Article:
Jiddu Krishnamurti

     He was a doctor not only of medicine but also of psychology. Thin, quiet and self-contained, he had come from across the seas, and had been long enough in this country to be used to the sun and the heavy rains. He had worked, he said, as a doctor and psychologist during the war, and had helped as much as his capacity allowed, but he was dissatisfied with what he had given. He wanted to give much more, to help much more deeply; what he gave was so little, and there was something missing in it all.

     We sat without a word for a long period while he gathered the pressures of his distress. Silence is an odd thing. Thought does not make for silence, nor does it build it up. Silence cannot be put together, nor does it come with the action of will. Remembrance of silence is not silence. Silence was there in the room with throbbing stillness, and the talk did not disturb if. The talk had meaning in that silence, and silence was the background of the word. Silence gave expression to thought, but the thought was not silence. Thinking was not, but silence was; and silence penetrated, gathered and gave expression. Thinking can never penetrate, and in silence there is communion.

     The doctor was saying that he was dissatisfied with everything: with his work, with his capacities, with all the ideas he had so carefully cultivated. He had tried the various schools of thought, and was dissatisfied with them all. During the many months since he had arrived here, he had been to various teachers, but had come away with still greater dissatisfaction. He had tried many isms, including cynicism, but dissatisfaction was still there.

     Is it that you are seeking satisfaction and have not so far found it? Is the desire for satisfaction causing discontent? Searching implies the known. You say you are dissatisfied, and yet you are searching; you are looking for satisfaction, and you have not yet found it. You want satisfaction, which means that you are not dissatisfied. If you were really dissatisfied with everything, you would not be seeking a way out of it. Dissatisfaction which seeks to be satisfied soon finds what it wants in some kind of relationship with possessions, with a person, or with some ism.

     "I have been through all that yet I am completely dissatisfied."

     You may be dissatisfied with outward relationships, but perhaps you are seeking some psychological attachment that will give full satisfaction.

     "I have been through that too, but I am still dissatisfied."

     I wonder if you really are? If you were wholly discontented, there would be no movement in any particular direction, would there? If you are thoroughly dissatisfied with being in a room, you do not seek a bigger room with nicer furniture; yet this desire to find a better room is what you call dissatisfaction. You are not dissatisfied with all rooms, but only with this particular one, from which you want to escape. Your dissatisfaction arises from not having found complete satisfaction. You are really seeking gratification, so you are constantly on the move, judging, comparing, weighing, denying; and naturally you are dissatisfied. Is this not so?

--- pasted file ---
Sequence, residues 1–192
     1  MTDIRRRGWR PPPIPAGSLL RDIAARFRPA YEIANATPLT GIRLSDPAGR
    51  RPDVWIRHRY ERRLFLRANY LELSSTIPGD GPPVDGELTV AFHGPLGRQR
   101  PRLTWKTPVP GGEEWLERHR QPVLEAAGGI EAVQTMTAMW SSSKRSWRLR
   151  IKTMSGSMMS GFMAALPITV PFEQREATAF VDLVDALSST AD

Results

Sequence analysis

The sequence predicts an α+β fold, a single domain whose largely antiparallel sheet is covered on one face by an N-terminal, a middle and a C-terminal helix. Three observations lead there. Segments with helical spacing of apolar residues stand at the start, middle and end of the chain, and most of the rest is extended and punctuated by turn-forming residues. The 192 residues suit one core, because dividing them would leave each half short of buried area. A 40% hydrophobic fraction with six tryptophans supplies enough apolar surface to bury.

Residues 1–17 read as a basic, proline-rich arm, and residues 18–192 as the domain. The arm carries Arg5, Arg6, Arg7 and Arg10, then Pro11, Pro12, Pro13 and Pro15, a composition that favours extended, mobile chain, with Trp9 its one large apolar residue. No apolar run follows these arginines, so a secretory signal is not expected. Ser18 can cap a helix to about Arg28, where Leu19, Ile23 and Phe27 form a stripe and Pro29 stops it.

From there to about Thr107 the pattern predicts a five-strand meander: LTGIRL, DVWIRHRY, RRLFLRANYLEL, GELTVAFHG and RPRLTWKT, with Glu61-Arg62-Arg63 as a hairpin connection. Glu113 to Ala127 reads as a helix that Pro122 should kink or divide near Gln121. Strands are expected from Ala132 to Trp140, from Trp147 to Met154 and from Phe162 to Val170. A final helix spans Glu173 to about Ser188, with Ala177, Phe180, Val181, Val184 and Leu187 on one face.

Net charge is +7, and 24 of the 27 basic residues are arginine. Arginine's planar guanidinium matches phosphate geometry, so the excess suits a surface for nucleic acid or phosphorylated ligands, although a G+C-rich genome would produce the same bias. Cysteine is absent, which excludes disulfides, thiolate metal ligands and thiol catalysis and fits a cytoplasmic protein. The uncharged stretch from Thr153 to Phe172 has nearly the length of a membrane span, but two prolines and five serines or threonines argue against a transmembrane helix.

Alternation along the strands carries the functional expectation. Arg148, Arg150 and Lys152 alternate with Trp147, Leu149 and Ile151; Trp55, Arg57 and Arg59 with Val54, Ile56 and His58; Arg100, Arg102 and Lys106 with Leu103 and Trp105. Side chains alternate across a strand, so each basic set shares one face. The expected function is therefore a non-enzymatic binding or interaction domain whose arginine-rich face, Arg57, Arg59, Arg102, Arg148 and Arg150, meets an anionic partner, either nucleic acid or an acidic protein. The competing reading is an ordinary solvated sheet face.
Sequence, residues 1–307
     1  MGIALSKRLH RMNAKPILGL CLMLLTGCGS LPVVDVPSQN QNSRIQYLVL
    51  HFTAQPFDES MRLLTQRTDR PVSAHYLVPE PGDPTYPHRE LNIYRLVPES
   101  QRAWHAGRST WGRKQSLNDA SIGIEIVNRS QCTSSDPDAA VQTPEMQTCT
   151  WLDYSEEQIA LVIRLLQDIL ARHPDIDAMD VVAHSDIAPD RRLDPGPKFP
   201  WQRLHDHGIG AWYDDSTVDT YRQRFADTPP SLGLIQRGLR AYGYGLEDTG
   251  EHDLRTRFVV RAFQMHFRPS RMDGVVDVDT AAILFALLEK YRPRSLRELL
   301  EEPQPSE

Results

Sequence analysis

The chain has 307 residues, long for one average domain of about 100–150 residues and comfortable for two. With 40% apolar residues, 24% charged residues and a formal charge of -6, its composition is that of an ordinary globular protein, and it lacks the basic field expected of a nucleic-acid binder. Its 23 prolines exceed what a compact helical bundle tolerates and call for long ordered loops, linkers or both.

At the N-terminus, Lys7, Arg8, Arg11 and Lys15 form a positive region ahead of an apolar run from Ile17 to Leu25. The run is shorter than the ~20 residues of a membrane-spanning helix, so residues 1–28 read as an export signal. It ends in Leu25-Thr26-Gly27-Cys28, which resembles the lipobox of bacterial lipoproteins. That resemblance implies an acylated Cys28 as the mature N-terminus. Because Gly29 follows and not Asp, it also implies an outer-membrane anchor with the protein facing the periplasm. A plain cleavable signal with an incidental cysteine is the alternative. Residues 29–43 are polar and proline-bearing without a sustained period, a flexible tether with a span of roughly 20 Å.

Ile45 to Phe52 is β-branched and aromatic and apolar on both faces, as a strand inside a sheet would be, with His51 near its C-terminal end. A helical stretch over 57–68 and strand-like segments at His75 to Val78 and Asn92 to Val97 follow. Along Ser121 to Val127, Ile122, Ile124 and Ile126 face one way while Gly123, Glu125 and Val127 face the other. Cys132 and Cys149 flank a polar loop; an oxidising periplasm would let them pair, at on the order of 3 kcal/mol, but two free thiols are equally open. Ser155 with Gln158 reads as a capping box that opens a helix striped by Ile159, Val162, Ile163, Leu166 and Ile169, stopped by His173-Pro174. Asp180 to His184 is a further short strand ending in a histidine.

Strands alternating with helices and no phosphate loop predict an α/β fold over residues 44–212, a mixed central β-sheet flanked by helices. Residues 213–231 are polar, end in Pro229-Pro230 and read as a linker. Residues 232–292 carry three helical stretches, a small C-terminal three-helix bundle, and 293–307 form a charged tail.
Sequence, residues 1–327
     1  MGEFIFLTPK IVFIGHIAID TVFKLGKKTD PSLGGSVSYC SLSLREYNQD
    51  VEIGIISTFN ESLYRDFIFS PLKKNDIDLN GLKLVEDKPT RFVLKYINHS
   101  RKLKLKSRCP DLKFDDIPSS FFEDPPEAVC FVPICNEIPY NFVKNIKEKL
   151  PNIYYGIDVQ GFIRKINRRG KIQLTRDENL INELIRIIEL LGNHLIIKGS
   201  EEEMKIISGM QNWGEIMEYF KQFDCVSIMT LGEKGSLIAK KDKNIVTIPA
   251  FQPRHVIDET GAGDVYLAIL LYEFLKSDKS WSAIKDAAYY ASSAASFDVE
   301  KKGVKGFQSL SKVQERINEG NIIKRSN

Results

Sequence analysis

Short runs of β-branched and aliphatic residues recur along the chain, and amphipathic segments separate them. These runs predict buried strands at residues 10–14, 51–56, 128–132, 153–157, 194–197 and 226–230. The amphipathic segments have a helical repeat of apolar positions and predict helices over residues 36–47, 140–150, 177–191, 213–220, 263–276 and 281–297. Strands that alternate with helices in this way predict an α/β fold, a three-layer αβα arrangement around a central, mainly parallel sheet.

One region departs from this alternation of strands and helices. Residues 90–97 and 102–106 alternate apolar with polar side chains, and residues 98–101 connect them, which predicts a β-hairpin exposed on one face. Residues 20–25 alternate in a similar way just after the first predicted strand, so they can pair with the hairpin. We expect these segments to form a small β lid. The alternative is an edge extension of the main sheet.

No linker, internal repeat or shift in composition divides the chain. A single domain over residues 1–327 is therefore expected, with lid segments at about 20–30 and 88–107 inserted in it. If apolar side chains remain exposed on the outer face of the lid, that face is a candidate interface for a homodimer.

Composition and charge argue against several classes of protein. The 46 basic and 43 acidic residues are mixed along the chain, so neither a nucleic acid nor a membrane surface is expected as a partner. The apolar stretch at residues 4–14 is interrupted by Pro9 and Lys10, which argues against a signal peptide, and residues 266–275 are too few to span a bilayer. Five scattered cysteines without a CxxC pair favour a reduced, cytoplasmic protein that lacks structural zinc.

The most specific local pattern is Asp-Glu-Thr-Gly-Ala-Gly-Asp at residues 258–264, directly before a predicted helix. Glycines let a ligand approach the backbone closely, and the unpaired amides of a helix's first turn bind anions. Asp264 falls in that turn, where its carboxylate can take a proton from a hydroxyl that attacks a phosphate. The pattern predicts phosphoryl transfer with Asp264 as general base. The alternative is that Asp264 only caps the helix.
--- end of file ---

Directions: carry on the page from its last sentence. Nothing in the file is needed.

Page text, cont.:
"It looks that way, doesn't it?"

     So you are really not dissatisfied; it is simply that you have not so far been able to find complete and lasting satisfaction in anything. That is what you want: complete satisfaction, some deep inner contentment that will endure.

     "But I want to help, and this discontent prevents me from giving myself to it completely."

     Your goal is to help and to find complete gratification in it. You really do not want to help, but to find satisfaction in helping. You look for gratification in helping, another looks for it in some ism, and yet another in some kind of addiction. You are looking for a completely satisfying drug which for the time being you call helping. In seeking to equip yourself to help, you are equipping yourself to be completely gratified. What you really want is lasting self-gratification.

     With most of us, discontent finds an easy contentment. Discontent is soon put to sleep; it is soon drugged, made quiet and respectable. Outwardly you may have finished with all isms, but psychologically, deep down, you are seeking something that you can hold on to. You say you have finished with all personal relationship with another. It may be that in personal relationship you have not found lasting gratification, and so you are seeking relationship with an idea, which is always self-projected. In the search for a relationship that will be completely gratifying, for a secure refuge that will weather all storms, do you not lose the very thing that brings contentment? Contentment, perhaps, is an ugly word, but real contentment does not imply stagnation, reconciliation, appeasement, insensitivity. Contentment is the understanding of what is, and what is is never static. A mind that is interpreting, translating what is, is caught in its own prejudice of satisfaction. Interpretation is not understanding.

     With the understanding of what is comes inexhaustible love, tenderness, humility. Perhaps that is what you are in search of; but that cannot be sought and found. Do what you will, you will never find it. It is there when all search has come to an end. You can search only for that which you already know, which is more gratification. Searching and watching are two different processes; one is binding, and the other brings understanding. Search, having always an end in view, is ever binding; passive watchfulness brings understanding of what is from moment to moment. In the what is from moment to moment there is ever an ending; in search there is continuity. Search can never find the new; only in ending is there the new. The new is the inexhaustible. Love alone is ever renewing.